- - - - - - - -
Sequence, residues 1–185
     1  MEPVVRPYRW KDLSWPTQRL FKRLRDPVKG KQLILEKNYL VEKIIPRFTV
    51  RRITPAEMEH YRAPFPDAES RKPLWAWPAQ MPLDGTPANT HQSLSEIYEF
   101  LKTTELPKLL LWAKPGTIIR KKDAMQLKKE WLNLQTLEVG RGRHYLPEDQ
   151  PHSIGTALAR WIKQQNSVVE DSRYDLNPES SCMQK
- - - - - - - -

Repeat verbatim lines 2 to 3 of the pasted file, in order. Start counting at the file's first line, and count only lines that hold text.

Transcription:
     1  MEPVVRPYRW KDLSWPTQRL FKRLRDPVKG KQLILEKNYL VEKIIPRFTV
    51  RRITPAEMEH YRAPFPDAES RKPLWAWPAQ MPLDGTPANT HQSLSEIYEF